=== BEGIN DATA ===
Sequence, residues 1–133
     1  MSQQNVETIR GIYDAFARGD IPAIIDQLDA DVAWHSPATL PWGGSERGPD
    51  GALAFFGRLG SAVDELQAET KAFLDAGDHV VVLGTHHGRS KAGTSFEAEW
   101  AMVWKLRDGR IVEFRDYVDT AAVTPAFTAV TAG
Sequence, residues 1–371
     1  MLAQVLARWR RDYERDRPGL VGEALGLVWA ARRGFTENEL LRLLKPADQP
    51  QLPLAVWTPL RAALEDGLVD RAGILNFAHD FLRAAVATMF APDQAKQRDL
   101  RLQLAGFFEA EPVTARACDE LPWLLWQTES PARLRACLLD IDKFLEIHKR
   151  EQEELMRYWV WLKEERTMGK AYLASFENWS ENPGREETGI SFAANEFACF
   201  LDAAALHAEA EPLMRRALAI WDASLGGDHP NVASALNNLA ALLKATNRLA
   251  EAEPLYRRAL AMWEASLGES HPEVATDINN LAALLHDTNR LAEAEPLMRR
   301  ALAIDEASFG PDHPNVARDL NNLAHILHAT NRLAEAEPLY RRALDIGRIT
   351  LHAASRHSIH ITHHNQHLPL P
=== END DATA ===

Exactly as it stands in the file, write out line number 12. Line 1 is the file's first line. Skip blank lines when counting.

   301  ALAIDEASFG PDHPNVARDL NNLAHILHAT NRLAEAEPLY RRALDIGRIT